Format

Send to

Choose Destination
BMC Public Health. 2009 Nov 12;9:410. doi: 10.1186/1471-2458-9-410.

Unemployment and ill health: a connection through inflammation?

Author information

1
Department of Psychiatry, Kuopio University Hospital and Department of Clinical Medicine, University of Kuopio, FI-70210 Kuopio, Finland. jukka.hintikka@kuh.fi

Abstract

BACKGROUND:

Unemployment is a source of acute and long-term psychosocial stress. Acute and chronic psychosocial stress can induce pronounced changes in human immune responses. In this study we tested our hypothesis that stress-induced low-grade tissue inflammation is more prevalent among the unemployed.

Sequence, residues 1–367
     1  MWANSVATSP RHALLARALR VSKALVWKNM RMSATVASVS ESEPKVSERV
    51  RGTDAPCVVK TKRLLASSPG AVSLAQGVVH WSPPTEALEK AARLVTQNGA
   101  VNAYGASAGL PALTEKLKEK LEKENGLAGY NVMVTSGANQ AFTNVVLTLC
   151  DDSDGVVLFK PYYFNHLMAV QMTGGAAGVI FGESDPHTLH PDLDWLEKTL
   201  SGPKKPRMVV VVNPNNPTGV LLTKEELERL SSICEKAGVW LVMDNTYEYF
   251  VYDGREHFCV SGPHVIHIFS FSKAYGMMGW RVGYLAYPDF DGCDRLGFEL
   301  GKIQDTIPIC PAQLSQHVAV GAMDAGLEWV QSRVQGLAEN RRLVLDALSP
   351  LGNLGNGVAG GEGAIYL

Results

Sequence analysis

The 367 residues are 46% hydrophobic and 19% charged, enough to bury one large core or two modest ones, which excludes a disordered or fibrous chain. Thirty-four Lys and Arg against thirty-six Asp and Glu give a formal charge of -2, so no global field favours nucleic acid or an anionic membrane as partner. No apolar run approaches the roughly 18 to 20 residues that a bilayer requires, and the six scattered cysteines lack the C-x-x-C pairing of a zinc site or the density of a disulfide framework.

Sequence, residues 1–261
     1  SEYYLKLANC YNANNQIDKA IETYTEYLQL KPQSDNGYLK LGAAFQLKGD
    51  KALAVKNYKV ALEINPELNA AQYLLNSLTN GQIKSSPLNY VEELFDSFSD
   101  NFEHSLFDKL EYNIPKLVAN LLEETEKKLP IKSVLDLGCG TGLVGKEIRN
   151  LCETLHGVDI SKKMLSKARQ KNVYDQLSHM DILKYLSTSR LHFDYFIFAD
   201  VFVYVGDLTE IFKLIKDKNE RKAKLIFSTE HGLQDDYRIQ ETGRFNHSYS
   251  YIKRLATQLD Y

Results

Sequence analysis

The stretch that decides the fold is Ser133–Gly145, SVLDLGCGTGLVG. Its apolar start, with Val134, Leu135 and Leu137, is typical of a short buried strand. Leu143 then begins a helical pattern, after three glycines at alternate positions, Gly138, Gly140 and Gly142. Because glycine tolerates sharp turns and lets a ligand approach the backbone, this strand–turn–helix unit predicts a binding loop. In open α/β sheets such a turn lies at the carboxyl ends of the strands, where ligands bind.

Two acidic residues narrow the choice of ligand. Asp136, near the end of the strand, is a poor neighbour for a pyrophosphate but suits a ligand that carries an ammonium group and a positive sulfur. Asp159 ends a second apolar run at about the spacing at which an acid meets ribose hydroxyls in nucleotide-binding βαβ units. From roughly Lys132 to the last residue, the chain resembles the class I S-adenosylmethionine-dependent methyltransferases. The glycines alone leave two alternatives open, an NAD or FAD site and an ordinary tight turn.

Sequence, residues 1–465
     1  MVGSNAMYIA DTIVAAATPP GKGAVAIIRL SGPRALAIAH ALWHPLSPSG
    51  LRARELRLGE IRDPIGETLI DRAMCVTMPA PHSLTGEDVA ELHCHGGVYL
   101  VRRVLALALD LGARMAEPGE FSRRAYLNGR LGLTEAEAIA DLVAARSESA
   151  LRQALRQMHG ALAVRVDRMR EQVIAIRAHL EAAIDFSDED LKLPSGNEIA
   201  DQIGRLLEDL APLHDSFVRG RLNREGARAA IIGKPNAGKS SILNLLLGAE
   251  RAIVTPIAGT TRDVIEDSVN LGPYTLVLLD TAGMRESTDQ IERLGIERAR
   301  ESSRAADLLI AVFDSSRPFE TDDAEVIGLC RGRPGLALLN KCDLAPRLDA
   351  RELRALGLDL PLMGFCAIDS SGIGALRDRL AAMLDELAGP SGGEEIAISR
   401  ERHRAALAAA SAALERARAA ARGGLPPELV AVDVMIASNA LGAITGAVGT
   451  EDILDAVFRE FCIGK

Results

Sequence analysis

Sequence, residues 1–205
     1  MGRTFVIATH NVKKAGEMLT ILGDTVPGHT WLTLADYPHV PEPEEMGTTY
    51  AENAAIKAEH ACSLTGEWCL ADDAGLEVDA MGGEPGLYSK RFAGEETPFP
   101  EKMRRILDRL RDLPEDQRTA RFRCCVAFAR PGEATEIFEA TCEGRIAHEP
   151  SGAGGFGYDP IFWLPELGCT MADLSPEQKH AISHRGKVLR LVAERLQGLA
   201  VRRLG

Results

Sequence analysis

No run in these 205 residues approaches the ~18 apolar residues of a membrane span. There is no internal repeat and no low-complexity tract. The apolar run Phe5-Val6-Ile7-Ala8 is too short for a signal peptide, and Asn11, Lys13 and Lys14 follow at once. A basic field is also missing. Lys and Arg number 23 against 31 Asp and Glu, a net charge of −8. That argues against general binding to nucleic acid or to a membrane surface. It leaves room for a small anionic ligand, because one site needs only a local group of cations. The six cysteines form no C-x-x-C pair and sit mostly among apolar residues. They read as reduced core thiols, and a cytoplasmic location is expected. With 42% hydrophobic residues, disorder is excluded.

METHODS:

We determined the inflammatory status of 225 general population subjects below the general retirement age (65 years in Finland). Those who had levels of both interleukin-6 (>or= 0.97 pg/mL) and high-sensitivity C-reactive protein (>or= 1.49 mg/L) above the median were assessed to have an elevated inflammatory status (n = 72).

RESULTS:

An elevated inflammatory status was more common among the unemployed than among other study participants (59% versus 30%, p = 0.011). In the final multivariate model, those who were unemployed had over five-fold greater odds for having an elevated inflammatory status (OR 5.20, 95% CI 1.55-17.43, p = 0.008).

CONCLUSION:

This preliminary finding suggests that stress-induced low-grade inflammation might be a link between unemployment and ill health.

PMID:
19909544
PMCID:
PMC2780415
DOI:
10.1186/1471-2458-9-410
[Indexed for MEDLINE]
Free PMC Article

Supplemental Content

Full text links

Icon for BioMed Central Icon for PubMed Central
Loading ...
Support Center